Hart sent back a curt e-mail telling Olsen, "Please don't bother me with this bullshit nonsense." Then Olsen published an excerpt from Hart's e-mail on his blog. Hart apparently threatened Olsen with some type of legal action for publishing the e-mail.

Then David Weinberger -- one of the potential interviewees for the 59 Bloggers film -- responded to the controversy by saying, "I've seen how this new guy responds to a civil inquiry, I have asked him to drop me from his list of interviewees."

Hart then backtracked and removed all references to "Blogumentary" on his website -- along with a lot of other background information. Here's Olsen's archival screenshot.

At this point, we're only hearing Olsen's side of the story because Hart is not keeping a production blog (Bad PR on Hart's part).

So I see four lessons for citizen journalism from this little episode:

1.) There's a difference between social capital and normative standards and institutional capital and legal standards
2.) There are ethical and legal issues with publishing e-mail correspondence
3. ) This may have implications for establishing credibility and building trust with potential interviewees for citizen journalists
4.) It's bad to write something in an e-mail correspondence that you wouldn't want published in The New York Times.

More details below...

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Another blog documentary coming down the pipe

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Steve Rubel has been asked to participate in a documentary film about bloggers done by a career film industry guy named John Hart. Rubel says that the 59 chosen bloggers that Hart plans on interviewing represent his vision of the blogosphere -- after looking at the preliminary list, I can tell that Hart isn't very political since there is no sign of Instapundit, Atrios, Daily Kos, or Talking Points Memo on the list. Hart blogs here.

Rubel suggested that it might be a good opportunity for a company to support the project from a viral marketing opportunity.

Rubel didn't mention Chuck Olsen's Blogumentary or PBS' Media Matters: Welcome to the Blogosphere.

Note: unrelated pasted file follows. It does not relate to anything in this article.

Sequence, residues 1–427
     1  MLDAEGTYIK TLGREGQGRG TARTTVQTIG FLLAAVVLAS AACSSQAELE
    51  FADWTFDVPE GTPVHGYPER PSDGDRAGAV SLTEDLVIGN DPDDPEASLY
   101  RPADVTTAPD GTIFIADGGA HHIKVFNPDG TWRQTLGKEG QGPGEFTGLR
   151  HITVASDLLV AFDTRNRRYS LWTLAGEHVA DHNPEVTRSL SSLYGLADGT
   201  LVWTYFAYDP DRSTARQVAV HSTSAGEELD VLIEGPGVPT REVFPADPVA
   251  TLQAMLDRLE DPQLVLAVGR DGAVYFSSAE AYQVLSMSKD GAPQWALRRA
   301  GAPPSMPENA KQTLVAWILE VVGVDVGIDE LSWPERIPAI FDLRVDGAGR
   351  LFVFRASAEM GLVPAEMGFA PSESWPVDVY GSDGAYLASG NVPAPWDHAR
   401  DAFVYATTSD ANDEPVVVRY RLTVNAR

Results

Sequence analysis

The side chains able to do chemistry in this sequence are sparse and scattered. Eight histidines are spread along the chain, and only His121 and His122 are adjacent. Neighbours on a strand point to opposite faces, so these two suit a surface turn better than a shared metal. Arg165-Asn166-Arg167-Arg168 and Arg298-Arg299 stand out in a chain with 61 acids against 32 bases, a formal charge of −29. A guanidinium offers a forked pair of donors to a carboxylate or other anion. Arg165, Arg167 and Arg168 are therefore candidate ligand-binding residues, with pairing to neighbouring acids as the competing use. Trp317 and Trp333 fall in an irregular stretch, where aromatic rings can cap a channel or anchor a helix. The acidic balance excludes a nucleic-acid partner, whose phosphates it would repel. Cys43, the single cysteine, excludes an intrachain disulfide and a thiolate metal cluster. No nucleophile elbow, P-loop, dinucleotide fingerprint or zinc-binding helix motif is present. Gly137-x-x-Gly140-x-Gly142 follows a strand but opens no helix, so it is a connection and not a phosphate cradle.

I met Olsen in Austin for SXSW and we had already discovered each others' projects. I had found his project because Olsen wrote on his site:

I want to make Blogumentary the first open source documentary. (If this has already been done, I'd love to know about it!)

Olsen found my project after Rebecca MacKinnon & David Weinberger linked to my New Media Ecosystem flowchart.

Olsen and I agreed that he is doing "open source" filmmaking from a transparency perspective, and I intend to do "open source" filmmaking from both a transparency and a decentralized collaborative perspective. A summary of links are below, and I have a couple of other blog posts about it on the way.

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Bridging the Technology & Filmmaking Gap

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My wife just asked me why I'm posting so many details about the mundane day-to-day stuff that I'm dealing with.

The first reason is for transparency sake -- Sometimes I'm debugging a problem and the site goes silent. I think it's better to keep everyone informed with what's going on even when there bad news or if I'm pulling my hair out trying to get something to work that probably has a really simple solution.

I also assume that a lot of the people reading this are skimming the posts for what they find interesting.

I also wanted to document the process for how I go about making this film for others who might want to try a similar approach.

kentbye's picture

Using Folksonomy to Edit Film

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I've been experimenting with folksonomy tags in Final Cut Pro to help edit a short video discussing how technology is changing politics, media and culture.

This is a proof-of-concept for my plan of importing tags into FCP that are provided by volunteers via a Drupal infrastructure -- the 42 hours of The Echo Chamber footage will be broken up into textual soundbites so volunteers can add tags in a manner.

I took the 2.25 hours of interviews with 13 leaders of the new media movement, and I boiled it down to around 45 minutes of quality sound bites.

kentbye's picture

Roadmap for Open Source Documentary & Citizen Journalism Toolset Development

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The Echo Chamber is a documentary on the failures of the mainstream media, and how I produce this film will hopefully provide some solutions to this infotainment bottleneck.

I'm trying to develop more sophisticated techniques for citizen journalism by open sourcing my interview material and collaboratively producing The Echo Chamber on a Drupal/CivicSpace platform. More details are below...

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Phase 05: Use Collected Information to Inform Documentary Editing

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* Collaborative Content Development
* Media Transparency
* Exporting Data from Drupal
* Open Source Business Plan


* Develop a formal thematic taxonomy for the documentary that is informed by the emergent patterns of the folksonomy tags collected from volunteers in Phase 03
* Open Source the Business Plan to further discuss the target audience and strategic communication intentions for The Echo Chamber documentary.
* Normalize and export the quantitative data on sound bite Source Credibility & Quality, and import this data into Final Cut Pro editing software through Final Cut Pro XML.